Permanent project teams cost more

Many solution development organizations within IT still have permanent teams in place, either for maintenance purposes or because prior attempts to create tool-based flexible centres did not produce the expected results.

The strength claimed for these teams is that they conserve knowledge of the client and the client’s part of the business.

This may well be true (it is not always). But they come at a high cost, as well.

Many enterprises fund only a limited number of key projects these days. Other projects receive no more funding than the base that pays for the project team to be there waiting for work.

What happens in these circumstances is that projects in the pipeline that have not yet received the funding to proceed are assigned and worked on anyway.

Meetings are held. Reports are written. Studies are done. A lot of initial work takes place on the corners of peoples’ desks.

This not only draws key resources away from the work that is funded, it creates momentum toward a specific solution far sooner than it should be developed.

Early work to assess risks, to understand objectives, to cost the project and to determine the value to be gained by doing it is very much in order. These are the things a Governance Board should expect be completed before releasing the project in any way. (A full-blown project plan should probably not be drawn up until an initial release is given.)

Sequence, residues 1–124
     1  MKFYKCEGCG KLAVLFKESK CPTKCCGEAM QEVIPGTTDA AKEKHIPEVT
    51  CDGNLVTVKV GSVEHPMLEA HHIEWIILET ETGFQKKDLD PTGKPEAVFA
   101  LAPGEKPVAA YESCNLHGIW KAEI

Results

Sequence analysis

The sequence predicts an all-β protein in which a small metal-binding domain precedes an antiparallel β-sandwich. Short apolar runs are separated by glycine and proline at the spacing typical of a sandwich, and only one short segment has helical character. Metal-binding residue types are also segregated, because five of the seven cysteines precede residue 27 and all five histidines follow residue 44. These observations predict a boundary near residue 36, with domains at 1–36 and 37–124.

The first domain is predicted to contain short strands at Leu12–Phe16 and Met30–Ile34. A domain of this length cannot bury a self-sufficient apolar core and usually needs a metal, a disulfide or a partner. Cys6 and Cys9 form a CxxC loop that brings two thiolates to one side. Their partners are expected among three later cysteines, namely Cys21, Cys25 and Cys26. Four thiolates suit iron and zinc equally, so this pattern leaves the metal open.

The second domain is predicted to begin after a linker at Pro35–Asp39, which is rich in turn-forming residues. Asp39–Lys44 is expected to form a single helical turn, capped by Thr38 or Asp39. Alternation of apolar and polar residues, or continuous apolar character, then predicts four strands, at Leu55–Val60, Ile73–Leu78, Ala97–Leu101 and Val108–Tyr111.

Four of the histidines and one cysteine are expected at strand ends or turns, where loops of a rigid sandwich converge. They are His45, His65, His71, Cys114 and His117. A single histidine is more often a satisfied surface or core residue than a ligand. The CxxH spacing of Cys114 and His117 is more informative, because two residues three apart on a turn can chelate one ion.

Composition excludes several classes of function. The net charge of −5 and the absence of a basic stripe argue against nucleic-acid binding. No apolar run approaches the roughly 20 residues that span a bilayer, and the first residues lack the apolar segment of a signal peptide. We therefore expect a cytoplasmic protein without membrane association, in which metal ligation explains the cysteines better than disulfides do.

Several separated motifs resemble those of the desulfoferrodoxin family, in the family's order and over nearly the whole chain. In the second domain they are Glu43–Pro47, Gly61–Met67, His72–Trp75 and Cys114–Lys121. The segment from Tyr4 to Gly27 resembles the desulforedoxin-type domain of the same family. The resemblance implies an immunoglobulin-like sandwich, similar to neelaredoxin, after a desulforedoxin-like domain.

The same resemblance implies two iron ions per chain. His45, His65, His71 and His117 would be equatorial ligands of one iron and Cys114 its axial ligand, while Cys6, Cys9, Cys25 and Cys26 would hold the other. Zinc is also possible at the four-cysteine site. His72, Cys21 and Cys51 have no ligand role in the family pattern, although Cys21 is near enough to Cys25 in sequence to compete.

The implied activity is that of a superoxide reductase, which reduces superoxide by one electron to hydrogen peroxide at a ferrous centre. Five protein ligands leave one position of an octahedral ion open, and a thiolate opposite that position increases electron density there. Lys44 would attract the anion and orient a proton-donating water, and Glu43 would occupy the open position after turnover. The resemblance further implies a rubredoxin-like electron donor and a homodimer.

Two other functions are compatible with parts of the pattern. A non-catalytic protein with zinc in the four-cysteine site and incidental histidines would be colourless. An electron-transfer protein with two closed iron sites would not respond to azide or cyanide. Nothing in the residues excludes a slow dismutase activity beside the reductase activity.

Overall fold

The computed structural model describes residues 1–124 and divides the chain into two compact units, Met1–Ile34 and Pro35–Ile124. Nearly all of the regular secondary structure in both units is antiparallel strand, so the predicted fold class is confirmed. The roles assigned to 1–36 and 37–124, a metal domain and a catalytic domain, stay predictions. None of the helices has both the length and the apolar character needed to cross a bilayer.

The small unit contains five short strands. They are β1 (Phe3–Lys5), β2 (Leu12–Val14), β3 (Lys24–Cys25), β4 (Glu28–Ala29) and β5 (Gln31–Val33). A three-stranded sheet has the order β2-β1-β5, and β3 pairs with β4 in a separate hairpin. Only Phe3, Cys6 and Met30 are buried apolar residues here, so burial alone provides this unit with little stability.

What happens in this situation is that the solution gets determined early — either as an extension of what exists, or a commitment to a package (and its modifications) made ahead of the architectural process taking place.

From the client area’s point of view, the work is meaningful (otherwise why take part). The permanent team thus becomes the internal “salespeople” for what that work has produced.

Sometimes you get lucky, and this is the course of action that would have been best for the health of the portfolio, achieving the lowest total cost to own and operate, and best fitting the emerging information needs. In that case, no real harm done.

Most of the time, though, one or more of these governing objectives isn’t achieved — but the future is committed enough that it’s a huge fight with the client to make any changes. So the enterprise suboptimizes its future rather than have that fight.

For the enterprise as a whole, it would have been so much better to have not done any work at all!

This is the hidden cost of permanent teams. Let the client relationship be held by client relationship staff. Take the technical skills and put them in competency groups, to work on the funded activities. Govern the IT value chain and the phases from idea to worked out concept to planned project accordingly.

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About passionateobserver

I am a passionate observer of our society, the economy, and politics. Mostly I don't like much of what I see, so I write as a concerned citizen. To the fray, I bring a background in the philosophy of history, a lifetime's reading, a work history in information technology management, consulting and education.
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